Rogers Rep: Is there any reason why you’re cancelling the line?
(Dear Sweet Heavenly Clementine!)
Me: Look, I’ve been asked a zillion times. I’ve explained myself too many times. These are inactive, emergency phone plans that were no longer useful and I was stuck with them to avoid ETFs. Please transfer me.
Rogers Rep: OK, there is a real backup on the queue but I’ll transfer you to the proper department.
(Long wait time follows… and finally!)
Rogers Rep: Yes, may I help you?
Me: Yes, I was on hold in the process of cancelling two phone lines from my current plan but lost connection. I’d like to know if they were cancelled as the rep never called me back to confirm after lost connection.
Rogers Rep: Please hold while I check your file. But before I continue, I need you to verify your date of birth, postal code and name.
So I provide this info…again. Sigh. :-)
Rogers Rep: Yes, the two phone lines were cancelled.
Me: Thanks. Can you provide me with the termination/cancellation reference code and last date of service? Thank you.
What’s Wrong with this Picture
I wasted a cumulative total of45 minutes to cancel two phone lines that were of no use to me until contract expiration. Between four reps, I was asked four times why I didn’t need the phone lines anymore even though it was clear as pie that they were inactive, frozen, and on an emergency plan. In separate occasions, rather than listen to my request, Rogers call scripts instead suggested they make things really difficult, putting their needs over mine to help them find someone to transfer the lines over to. C’mon folks. Listen to ME.
- Their information systems were not good enough to see that I used an iPad and their data services.
- They did not capture my reasons well enough since I had to repeat my “reasons” each and every time and tell them I had no interest to find them some customers (again, I tried long ago but was never successful).
- Their process was configured to transfer my call each time to another department to fulfill my request to cancel phone lines. I know operationally, there may be a reason but to a customer, it just seems like another layer of time wasted. Why transfer me and make me wait on another queue? For “retention” reasons? I’m not leaving - just cancelling two dead lines.
They did all this to me even though I was keeping one phone line with them. My iPhone 3GS plan. Is this how incumbents show their loyalty? This isn’t customer service. This is pain compliance. Every time I have to call an incumbent’s customer service group, I feel the pain in advance of the call because mentally I know the process will be painful and lengthy. Rather than make this pain and “guilt” free, I had to endure this painful process to get to the finish line.
Is this really worth 45 minutes of my time? OK, to be fair, I lost the connection in the first go-round so that added the additional 15 minutes but still, 30 minutes is a long time for any customer.
There is only one way to stop all of this. No more contracts. Pay for your phone outright, focus on a no-contract plan with incumbent providers, or go to an upstart provider like Wind Mobile, Mobilicity, and Public Mobile where the companies are forced to be good with customers with lower rate, no contract plans. I know there are well-intentioned customer service folks working the beat at incumbent providers but that doesn’t change the fact that organizationally, those good intentions are sometimes overwhelmed by call script agendas which hamper the customer service process.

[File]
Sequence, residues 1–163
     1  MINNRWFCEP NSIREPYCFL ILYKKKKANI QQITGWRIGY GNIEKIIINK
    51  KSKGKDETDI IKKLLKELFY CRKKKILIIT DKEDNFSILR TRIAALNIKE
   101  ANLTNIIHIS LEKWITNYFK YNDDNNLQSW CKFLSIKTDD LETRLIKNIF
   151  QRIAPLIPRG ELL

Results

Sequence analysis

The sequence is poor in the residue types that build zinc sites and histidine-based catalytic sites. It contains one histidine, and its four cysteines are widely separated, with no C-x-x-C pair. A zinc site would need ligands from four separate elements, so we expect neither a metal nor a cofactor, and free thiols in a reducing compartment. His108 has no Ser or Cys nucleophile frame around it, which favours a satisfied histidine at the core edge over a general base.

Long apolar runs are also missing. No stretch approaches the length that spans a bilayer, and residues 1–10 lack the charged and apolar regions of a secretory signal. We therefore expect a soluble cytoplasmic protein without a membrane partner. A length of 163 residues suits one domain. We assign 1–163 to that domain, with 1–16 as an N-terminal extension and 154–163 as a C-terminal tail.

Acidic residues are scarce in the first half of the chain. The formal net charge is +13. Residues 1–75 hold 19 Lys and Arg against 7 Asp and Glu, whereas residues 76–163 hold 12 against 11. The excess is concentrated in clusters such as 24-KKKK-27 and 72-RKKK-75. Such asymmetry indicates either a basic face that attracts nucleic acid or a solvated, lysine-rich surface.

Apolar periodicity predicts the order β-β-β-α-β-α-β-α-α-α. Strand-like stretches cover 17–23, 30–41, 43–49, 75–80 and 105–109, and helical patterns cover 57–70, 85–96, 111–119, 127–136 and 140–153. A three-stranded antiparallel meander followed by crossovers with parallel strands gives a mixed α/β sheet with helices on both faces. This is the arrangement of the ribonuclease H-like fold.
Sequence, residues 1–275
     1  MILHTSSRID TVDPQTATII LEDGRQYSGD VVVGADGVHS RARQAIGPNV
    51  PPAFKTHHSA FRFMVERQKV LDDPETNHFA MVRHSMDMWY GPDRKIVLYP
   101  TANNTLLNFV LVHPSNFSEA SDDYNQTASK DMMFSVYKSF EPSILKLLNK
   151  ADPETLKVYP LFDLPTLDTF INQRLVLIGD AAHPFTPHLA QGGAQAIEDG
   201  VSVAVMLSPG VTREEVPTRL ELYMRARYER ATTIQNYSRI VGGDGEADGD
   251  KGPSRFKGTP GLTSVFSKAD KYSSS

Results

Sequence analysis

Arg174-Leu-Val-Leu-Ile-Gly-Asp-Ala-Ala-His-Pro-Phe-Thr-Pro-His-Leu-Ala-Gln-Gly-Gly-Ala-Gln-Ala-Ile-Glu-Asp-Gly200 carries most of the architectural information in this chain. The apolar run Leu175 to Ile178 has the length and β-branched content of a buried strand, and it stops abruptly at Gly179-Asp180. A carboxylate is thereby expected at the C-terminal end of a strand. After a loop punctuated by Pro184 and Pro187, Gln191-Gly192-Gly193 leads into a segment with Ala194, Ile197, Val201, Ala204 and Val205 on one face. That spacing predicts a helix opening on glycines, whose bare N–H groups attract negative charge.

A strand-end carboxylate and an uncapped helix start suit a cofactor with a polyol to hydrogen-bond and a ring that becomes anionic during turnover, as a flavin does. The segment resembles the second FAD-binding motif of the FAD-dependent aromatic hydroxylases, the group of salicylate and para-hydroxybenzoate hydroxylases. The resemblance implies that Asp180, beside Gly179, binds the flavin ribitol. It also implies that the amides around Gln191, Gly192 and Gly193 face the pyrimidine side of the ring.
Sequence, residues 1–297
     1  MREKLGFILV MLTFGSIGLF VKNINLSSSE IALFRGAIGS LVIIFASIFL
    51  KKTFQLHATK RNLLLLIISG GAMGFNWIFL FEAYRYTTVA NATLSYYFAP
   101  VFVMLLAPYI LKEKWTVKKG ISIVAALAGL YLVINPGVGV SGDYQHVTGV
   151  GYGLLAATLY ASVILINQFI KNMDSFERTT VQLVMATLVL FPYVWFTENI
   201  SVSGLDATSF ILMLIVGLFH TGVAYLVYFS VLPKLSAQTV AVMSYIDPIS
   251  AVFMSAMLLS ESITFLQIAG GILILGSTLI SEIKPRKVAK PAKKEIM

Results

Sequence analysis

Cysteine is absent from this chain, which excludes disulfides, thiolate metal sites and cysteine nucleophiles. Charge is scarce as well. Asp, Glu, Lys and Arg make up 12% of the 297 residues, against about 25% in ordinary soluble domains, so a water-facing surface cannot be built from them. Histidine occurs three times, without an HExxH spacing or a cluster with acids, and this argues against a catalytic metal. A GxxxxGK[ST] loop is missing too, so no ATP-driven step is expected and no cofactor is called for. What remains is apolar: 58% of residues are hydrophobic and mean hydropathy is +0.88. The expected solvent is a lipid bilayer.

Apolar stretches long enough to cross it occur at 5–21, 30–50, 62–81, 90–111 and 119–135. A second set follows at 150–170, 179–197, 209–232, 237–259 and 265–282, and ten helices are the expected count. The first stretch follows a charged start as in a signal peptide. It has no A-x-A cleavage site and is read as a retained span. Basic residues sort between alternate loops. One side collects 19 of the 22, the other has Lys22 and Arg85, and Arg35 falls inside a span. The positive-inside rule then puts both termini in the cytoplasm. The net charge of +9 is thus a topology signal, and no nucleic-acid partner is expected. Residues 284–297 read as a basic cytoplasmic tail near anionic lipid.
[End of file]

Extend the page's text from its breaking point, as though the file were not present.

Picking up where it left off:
At upstarts, customers ARE the life-blood (yes, they are at incumbents too) of their existence and must do more to keep good customers happy. No, I am not suggesting customers should rule the day, demand everything and be stupid about things. Those are ‘problem’ customers. No one needs them. But the customer contract is very different when I speak to a rep from Wind Mobile vs. one from Rogers.
These incidents should not go unnoticed. I know they’re not unique as consumer sentiment in Canada about their telecom providers is wildly negative. Perhaps more than in the US. If anyone at Rogers is reading this, please understand the issues and find a better way to fine-tune your processes with customers. The customer engagement call for this type of situation should not be 30 minutes riddled with script queries.
Next time, don’t make it so hard for a customer to do what they want easily. I met my obligations under the contract commitment. Don’t make work for me. If I were Rogers, I’d automate such cancellations through online self-service tools. Be brave enough to let your customers walk away from features or contract terms at the end of the term with a retention program in effect. It’s the right thing to do because the charade experienced above simply puts a bad taste in anyone’s mouth. It says, “it’s too difficult to do business with you. Why commit to a contract?”
To date, there is only one company that has given me “hassle free” customer service. Apple. The program? APPLECARE.